The Fraser Health Authority has officially confirmed they have issued a notice of breach of lease to the Delta Hospice Society.
In a media release issued Friday afternoon, the FHA said: “On Feb. 25, in accordance with the lease between Fraser Health and the Delta Hospice Society, we issued a notice of breach of lease to the Society, as the Society is no longer using the Irene Thomas Hospice site, the Harold and Veronica Savage Centre for Supportive Care site and surrounding lands for publicly funded health care services,” said FHA. “As a result, Fraser Health expects to terminate the lease and will take exclusive possession of the lands and buildings with effect from 12:01 a.m. on Monday, March 29, 2021. We are hoping to take possession of the lands and buildings prior to March 29 if the Delta Hospice Society is agreeable.”
FHA says they are also continuing its planning process to ensure that the health authority can resume providing hospice beds at Irene Thomas Hospice as soon as possible.
“We expect to be able to reopen hospice beds at the site within two weeks after the lease is terminated,” continued FHA. “Fraser Health remains committed to ensuring hospice beds are available in the Delta community to people who need access to this important service and we will have more to share regarding our timeline to reopen hospice beds at the Irene Thomas Hospice closer to March 29, 2021.”
In February 2020, Fraser Health provided the required 365-days’ notice to end its service agreement with the Delta Hospice Society without cause. Public funding of $1.5 million provided annually to the Society for hospice services came to an end at midnight on Feb. 24, 2021, said Fraser Health.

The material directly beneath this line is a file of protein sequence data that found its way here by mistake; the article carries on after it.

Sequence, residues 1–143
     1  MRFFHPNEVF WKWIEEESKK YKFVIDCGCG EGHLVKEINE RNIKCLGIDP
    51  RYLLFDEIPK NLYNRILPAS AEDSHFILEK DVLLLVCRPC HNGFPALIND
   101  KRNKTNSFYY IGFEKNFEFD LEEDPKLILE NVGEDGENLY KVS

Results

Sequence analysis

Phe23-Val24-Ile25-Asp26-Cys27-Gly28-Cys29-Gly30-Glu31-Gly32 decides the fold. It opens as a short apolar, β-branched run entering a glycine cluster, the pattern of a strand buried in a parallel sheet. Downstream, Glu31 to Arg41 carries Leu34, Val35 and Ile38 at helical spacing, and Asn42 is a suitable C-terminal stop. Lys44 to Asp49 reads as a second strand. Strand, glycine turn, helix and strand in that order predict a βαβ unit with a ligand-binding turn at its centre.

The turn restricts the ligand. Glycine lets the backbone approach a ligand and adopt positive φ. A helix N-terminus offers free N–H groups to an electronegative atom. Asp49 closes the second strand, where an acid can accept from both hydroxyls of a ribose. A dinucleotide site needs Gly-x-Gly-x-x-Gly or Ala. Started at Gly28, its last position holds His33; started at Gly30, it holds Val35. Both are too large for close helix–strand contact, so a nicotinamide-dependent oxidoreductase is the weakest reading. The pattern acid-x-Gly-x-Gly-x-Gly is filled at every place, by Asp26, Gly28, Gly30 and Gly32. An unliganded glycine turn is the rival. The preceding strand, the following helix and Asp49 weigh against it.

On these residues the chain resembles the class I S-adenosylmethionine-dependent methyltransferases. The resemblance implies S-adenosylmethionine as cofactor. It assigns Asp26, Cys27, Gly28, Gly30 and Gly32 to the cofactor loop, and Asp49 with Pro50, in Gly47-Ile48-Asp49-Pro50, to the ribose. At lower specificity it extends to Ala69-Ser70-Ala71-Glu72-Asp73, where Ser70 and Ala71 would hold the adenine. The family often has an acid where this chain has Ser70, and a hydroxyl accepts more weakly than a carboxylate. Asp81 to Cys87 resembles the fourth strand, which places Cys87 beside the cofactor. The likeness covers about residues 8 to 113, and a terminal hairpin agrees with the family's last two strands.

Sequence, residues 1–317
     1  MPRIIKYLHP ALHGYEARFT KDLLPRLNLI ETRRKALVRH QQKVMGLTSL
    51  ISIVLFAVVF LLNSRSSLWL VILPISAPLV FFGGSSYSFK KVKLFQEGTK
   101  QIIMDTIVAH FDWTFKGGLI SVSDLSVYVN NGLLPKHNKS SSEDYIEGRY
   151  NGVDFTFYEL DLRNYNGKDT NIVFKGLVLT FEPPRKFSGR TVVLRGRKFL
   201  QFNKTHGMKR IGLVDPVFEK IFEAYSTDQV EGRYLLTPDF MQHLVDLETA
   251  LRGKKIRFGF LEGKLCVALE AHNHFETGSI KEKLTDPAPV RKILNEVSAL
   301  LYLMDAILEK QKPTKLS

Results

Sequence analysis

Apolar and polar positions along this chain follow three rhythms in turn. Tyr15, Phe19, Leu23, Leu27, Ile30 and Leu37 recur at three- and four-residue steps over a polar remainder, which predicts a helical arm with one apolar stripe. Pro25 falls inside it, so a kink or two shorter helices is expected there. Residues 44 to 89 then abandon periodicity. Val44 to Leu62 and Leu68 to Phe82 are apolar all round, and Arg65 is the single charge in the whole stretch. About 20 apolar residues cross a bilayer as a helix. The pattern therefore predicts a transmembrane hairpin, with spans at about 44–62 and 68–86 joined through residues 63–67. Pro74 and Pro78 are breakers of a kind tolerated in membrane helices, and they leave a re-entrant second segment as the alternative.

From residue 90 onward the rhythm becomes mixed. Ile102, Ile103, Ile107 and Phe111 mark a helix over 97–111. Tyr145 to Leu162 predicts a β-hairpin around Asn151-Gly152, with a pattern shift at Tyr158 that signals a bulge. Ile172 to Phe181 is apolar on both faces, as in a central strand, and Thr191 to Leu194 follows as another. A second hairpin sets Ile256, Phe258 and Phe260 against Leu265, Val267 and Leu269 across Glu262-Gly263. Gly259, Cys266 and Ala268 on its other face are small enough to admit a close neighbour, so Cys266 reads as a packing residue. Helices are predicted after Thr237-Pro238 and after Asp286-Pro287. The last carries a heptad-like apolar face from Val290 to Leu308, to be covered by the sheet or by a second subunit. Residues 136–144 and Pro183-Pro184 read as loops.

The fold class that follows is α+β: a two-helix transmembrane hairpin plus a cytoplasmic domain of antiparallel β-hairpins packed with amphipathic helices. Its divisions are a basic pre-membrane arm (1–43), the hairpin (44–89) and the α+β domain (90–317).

The current board, which took control of the society after a heated annual general meeting in late 2019, is opposed to providing the legal procedure medical assistance in dying (MAiD) at the Irene Thomas Hospice, reversing a decision by the previous board to allow MAiD.
It put Delta Hospice at odds with Fraser Health, which mandated publicly funded hospices with non-religious affiliations offer the service to those who request it.
Noting the service is available elsewhere, including next door at the Delta Hospital, the current board maintains medically assisted deaths are not part of the society’s mandate or constitution, and that the procedure is at odds of the philosophy and approach of hospice palliative care.
Members of the group Take Back Delta Hospice went to court last year and successfully halted a planned special meeting by the society’s board to have the society’s constitution amended to become Christian-based.
That petition followed the current DHS leadership rejecting hundreds of membership applications by Delta residents opposed to the board’s actions.
Signing up many non-Deltans, the board has been accused of trying to stack the membership to impose their own religious viewpoint.-with files from Sandor Gyarmati